Though the slideshow proceeds as a kind of rogue's gallery of 2008 in architecture, the Bird's Nest Stadium and National Aquatics Center from the Beijing Olympics show up right away, followed closely by Rem Koolhaas' CCTV building in the same city. There were a couple curveballs though, primarily the inclusion of the much-maligned Neoclassical backdrop behind Barack Obama when he took the stage at the Democratic National Convention in Denver to accept his party's presidential nomination.
Here's Hawthorne: "When Obama decided to move his convention speech to the 71,000-seat Invesco Field, he stole a page from McKim, Mead and White, emerging onto a stage lined with a colonnade and meant to look like a cross between the Lincoln Memorial and the White House. We’ll never know for sure how many votes the backdrop won or lost for Obama, but the set design likely ranks as the most ambitious use of architectural symbolism in the history of American presidential politics."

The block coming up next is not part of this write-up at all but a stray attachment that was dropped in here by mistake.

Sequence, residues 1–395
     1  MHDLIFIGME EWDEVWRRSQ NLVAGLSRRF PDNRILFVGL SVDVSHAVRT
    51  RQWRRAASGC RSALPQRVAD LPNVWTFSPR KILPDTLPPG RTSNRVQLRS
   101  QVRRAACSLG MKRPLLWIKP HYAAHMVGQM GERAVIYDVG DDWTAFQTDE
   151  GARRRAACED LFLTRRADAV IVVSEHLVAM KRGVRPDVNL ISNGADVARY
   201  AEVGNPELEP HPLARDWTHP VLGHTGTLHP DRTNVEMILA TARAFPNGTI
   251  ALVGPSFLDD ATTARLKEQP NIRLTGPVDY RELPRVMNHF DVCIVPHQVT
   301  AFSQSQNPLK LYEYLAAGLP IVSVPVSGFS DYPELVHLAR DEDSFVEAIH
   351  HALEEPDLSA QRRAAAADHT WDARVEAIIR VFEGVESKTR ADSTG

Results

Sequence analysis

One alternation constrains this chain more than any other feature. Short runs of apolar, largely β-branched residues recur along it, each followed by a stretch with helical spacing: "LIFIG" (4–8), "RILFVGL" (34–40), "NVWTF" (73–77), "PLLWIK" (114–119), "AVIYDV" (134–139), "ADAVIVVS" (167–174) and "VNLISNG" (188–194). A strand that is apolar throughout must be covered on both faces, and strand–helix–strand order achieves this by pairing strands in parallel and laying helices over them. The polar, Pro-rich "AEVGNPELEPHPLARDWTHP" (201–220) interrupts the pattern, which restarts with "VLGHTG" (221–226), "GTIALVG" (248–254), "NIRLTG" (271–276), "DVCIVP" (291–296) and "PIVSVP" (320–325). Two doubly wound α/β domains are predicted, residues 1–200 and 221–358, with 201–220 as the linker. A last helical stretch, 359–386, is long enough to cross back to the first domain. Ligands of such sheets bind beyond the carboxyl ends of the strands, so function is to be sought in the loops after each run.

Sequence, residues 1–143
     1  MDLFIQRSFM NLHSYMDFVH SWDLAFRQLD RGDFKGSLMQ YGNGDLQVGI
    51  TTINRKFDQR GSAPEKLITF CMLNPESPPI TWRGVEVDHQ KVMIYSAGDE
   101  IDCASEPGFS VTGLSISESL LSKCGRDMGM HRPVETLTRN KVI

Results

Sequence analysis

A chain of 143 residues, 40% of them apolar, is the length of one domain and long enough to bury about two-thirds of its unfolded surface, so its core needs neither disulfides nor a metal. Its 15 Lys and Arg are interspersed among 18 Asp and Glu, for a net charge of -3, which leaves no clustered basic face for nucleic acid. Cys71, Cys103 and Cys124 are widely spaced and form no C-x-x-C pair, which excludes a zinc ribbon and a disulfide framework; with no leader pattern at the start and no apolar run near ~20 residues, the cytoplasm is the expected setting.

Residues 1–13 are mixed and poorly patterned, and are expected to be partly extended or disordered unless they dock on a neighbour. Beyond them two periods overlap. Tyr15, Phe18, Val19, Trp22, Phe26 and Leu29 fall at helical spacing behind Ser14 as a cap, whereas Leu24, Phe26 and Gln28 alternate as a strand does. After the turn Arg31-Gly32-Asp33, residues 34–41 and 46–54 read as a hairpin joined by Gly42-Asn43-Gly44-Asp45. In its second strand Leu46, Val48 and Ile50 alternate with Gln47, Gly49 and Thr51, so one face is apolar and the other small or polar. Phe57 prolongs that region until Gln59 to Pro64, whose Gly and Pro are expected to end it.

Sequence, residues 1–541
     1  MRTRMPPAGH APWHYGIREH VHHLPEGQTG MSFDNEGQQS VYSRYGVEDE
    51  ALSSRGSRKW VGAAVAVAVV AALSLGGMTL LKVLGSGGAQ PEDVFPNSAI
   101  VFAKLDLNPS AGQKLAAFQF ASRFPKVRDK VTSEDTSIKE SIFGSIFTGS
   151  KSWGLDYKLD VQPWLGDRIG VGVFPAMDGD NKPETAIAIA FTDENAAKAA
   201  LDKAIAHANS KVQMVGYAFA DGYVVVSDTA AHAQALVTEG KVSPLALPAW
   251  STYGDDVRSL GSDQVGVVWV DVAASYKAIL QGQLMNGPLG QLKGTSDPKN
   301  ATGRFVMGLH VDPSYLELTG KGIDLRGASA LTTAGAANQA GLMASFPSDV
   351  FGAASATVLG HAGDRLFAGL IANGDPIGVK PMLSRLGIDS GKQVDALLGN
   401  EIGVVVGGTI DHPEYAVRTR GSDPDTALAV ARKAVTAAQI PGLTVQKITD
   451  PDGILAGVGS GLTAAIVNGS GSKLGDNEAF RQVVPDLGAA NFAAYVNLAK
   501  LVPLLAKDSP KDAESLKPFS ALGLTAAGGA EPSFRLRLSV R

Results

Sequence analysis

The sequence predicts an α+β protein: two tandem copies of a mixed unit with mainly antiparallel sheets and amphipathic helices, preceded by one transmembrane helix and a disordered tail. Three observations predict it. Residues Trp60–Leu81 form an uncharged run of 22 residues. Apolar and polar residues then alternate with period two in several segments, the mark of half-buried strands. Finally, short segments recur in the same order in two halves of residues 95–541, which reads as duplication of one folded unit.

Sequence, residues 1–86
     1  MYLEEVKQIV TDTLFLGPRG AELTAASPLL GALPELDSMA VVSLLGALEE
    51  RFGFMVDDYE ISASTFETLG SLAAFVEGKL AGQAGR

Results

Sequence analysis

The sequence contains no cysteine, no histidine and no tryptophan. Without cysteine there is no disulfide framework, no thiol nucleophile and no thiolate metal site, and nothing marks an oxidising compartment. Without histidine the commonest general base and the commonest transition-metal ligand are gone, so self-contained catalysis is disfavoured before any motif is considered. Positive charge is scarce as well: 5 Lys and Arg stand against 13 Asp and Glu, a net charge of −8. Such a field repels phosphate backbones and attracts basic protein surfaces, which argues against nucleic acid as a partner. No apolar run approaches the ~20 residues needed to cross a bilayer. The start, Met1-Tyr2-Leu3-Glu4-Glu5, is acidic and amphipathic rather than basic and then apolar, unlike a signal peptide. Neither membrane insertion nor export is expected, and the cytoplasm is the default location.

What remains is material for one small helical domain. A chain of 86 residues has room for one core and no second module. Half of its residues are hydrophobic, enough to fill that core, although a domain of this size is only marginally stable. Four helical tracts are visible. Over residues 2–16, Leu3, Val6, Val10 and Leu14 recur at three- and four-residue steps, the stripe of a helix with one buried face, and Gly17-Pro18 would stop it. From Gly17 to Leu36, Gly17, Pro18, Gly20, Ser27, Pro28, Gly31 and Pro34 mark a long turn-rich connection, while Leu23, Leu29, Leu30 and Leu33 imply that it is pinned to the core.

A lofty ploy indeed, though Republicans, and those Democrats who cannot condone anything but high modernism, lambasted Obama for such a startling display of gaudily presumptuous set design.
The Times also offered a tip of the hat to this year's Pritzker Prize winner, Jean Nouvel, adding his "green blade" (above), a condo tower in Century City, California, to the list.
Rounding out the list is Renzo Piano's much-ballyhooed California Academy of Sciences building in San Francisco. Conspicuously absent from the list of eight was a single house, though 2008 wasn't exactly the year for them, was it?
Any chance the LA Times got it wrong? What are your picks for the year's best in architecture?
Aaron writes the men's style column "The Pocket Square" for the San Francisco Chronicle and has written for the New York Times, the Times Magazine, Newsweek, National Geographic and others.